Tag Archives: dinnerware

Dinnerware Material: China vs. Plastic

Deciding which type of dinnerware to feature in your food service operation can be daunting. There’s just so many options to choose from and several questions to ask. Will it coordinate with the current setup? Can it enhance the dining room ambiance? Will it withstand heavy use, or will it need replaced frequently?

At Central Restaurant Products, we offer hundreds of different types, styles, designs, and patterns from some of the most popular manufacturers of commercial dinnerware in the world. When shopping for dinnerware, you’re likely to come across the construction material in the features, but what does this really mean?

Not all plates, platters or bowls are created equal. Even though ceramic and plasticware are the two primary umbrella categories, not all plastic dinnerware will guarantee the same degree of durability. How will the construction of your dinnerware impact your overall bottom line? What’s the benefit of opting for a melamine collection, say, than traditional china? What’s the difference between all the different types of plastic materials? Shopping for new dinnerware can be loads of fun, but it can also be stressful if you’re not fully aware of the quality you may be receiving. Here, we seek to shed some light.

Ceramic and Fine Chinaware

Traditional chinaware is made of a durable ceramic material that is biscuit-fired at high temperatures and then glazed fired at a lower temperature. There are two common types of china dinnerware that you’re likely to come across in your search.

Porcelain china is constructed out of combination of rock minerals and clay including feldspar, quartz, and kaolin. Porcelain chinaware is usually the less expensive china solution and has a noticeably heavier weight than bone china; however, the brittle composition usually results in more frequent chipping, thus needing replaced more often.

Porcelain China Dinnerware

Central Model #474-483

Bone china dinnerware is constructed out of a more finely grated composition, still including the same minerals as porcelain china, but with added ox bone ash which enhances its durability. Fine bone china is often considered to create a more upscale, fine dining appearance. It’s thinner and lighter than its porcelain sibling, but runs at a higher price point. However, with its stronger durability, it will need replaced far less frequently. A classic case of you get what you pay for.

Fine Bone China Dinner Plate

Central Model #60K-806

A good test to see if your existing chinaware is porcelain or bone is to hold it up to a light fixture. If there is no trace of light shining through, you are most likely holding a piece of everyday porcelain ceramic dinnerware. Chinaware with the added ox bone ash element will allow some light to shine through.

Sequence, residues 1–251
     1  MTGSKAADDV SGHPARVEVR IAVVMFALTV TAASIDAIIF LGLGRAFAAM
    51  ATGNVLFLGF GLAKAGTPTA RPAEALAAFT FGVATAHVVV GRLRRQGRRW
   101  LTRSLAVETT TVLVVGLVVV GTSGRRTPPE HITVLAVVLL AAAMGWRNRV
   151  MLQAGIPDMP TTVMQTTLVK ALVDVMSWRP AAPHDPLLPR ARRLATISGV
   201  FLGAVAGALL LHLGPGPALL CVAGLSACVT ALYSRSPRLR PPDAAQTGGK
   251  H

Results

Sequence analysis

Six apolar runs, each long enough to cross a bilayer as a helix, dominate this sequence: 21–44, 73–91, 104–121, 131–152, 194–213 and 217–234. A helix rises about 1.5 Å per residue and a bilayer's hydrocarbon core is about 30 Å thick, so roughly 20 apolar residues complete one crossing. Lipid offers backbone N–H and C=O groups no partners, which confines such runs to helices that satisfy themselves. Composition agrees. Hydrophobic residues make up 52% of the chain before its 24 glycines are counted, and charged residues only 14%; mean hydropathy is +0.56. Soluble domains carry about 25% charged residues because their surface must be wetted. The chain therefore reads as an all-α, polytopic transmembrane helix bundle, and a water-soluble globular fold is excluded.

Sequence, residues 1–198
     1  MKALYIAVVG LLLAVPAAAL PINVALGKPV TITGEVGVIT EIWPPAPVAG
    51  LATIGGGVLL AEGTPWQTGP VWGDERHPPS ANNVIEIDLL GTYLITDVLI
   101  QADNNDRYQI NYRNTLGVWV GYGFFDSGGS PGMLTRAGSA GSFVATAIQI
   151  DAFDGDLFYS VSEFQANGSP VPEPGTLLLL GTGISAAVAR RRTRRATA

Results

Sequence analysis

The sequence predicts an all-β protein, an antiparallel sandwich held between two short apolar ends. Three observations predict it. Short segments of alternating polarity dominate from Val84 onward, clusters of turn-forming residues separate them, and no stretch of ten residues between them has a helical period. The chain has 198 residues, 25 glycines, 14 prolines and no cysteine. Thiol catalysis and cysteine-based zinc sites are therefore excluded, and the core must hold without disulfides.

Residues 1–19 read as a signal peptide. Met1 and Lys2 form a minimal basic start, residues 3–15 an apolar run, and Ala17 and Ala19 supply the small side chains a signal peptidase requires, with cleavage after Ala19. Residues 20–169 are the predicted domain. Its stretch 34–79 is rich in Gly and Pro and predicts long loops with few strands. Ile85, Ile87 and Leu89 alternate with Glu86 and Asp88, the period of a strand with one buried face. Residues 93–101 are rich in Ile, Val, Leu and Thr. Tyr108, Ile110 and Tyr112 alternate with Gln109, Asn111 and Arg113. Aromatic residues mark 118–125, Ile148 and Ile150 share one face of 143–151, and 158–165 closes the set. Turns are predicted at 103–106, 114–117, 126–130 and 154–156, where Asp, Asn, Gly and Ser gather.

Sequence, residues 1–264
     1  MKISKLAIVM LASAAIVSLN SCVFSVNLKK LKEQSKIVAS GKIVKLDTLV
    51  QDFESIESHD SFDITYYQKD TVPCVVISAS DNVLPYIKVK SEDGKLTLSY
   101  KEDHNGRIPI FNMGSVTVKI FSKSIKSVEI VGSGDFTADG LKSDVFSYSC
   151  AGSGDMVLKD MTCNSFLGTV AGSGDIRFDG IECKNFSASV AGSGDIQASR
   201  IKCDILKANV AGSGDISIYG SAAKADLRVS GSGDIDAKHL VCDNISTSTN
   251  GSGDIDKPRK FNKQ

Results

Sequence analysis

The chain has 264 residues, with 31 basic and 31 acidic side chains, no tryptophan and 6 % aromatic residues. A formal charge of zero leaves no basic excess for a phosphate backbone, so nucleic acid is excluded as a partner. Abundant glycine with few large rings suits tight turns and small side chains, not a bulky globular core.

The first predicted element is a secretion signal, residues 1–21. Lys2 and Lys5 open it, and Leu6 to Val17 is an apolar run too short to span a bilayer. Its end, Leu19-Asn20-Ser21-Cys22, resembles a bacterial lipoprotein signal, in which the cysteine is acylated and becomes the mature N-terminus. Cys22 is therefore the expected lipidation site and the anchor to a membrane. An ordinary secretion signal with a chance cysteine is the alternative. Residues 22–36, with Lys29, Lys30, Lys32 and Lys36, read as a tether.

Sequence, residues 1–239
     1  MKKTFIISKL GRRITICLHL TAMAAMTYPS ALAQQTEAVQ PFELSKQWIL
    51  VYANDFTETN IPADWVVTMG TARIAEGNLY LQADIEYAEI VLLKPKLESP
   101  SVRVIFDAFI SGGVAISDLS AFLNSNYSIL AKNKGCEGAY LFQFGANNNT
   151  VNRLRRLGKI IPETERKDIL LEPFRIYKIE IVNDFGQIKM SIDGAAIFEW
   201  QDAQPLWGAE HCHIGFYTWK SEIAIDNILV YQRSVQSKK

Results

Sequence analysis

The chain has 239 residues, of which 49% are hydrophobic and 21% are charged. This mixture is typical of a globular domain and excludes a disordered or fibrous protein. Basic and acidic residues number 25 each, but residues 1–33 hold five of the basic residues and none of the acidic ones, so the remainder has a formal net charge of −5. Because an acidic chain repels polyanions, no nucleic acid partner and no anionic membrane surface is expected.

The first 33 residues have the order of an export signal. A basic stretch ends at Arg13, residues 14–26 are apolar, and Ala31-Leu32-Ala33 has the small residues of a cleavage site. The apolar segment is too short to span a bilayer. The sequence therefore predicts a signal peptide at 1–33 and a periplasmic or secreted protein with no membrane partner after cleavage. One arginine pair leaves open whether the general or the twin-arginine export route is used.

High end chinaware is often ideal for upscale, fine dining establishments. Nice china can set the mood of the dining room, enhancing the theme, presentation, and creating personality. It holds many benefits for the front and back of the house, acting as a canvas ready for the chef’s masterpiece.

China that’s 100% vitrified works to prevent crazing and cracking that lead to bacterial growth over time, thus enhancing sanitation and food safety efforts. Fully vitrified china means that the dinnerware was fired at a lower temperature, coming out stronger and thinner than non-vitrified china. Vitrified dinnerware does not absorb water so there’s less risk of expanding and contracting, working to prevent accidental breakage and ensuring longevity of the product life.

Earthenware and Stoneware are two other types of porcelain dinnerware in the same family as china. Stoneware is durable and often trendier, featuring a stone exterior. Its unique, trendier presentation makes it ideal for restaurants serving Asian cuisine, bistros, farm to table, etc. It’s either semi or fully vitrified and safe for microwave or dishwasher use. Earthenware, on the other hand, is much less durable, a result of a quick and simple firing process. It is made of non-vitrified clay and less expensive than stoneware. It also offers excellent heat induction while adding a rustic feel to the ambiance. It is recommended to be handwashed only.

Tuxton Earthenware Soup Crock

Central Model #479-279

As we’ve discussed, some china is more durable than others. When shopping for your next china pattern, pay attention to whether or not the china can be used in the microwave or oven. A good determinant on the durability is whether it comes with a manufacturer warranty. Many top brands offer a one year no-chip warranty. International Tableware offers a Five-Year no-chip warranty exclusively at Central! A manufacturer warranty is typically a good determinant of durability, as it can be read that the manufacturer themselves have strong faith in their work.

Our top chinaware manufacturers include:

It’s important to note, however, that no piece of china is break-resistant. Most, but not all, chinaware is dishwasher safe. This is something you will want to verify in your research. Some china feature with glazed patterns that are not recommended for use in a dishwasher. Read on to learn more about dinnerware solutions that are virtually unbreakable.

Melamine Dinnerware

Melamine dinnerware rose in popularity in the 1940s for use during dinner parties. Melamine is a chemical that is used to make hard plastics and is therefore extremely durable and typically offered at a much lower price point than traditional chinaware. Some high-end melamine dinnerware even replicates the look and feel of chinaware, thus offering the best of both worlds. Given its notable durability, many melamine manufacturers will boast that their products are “virtually unbreakable!”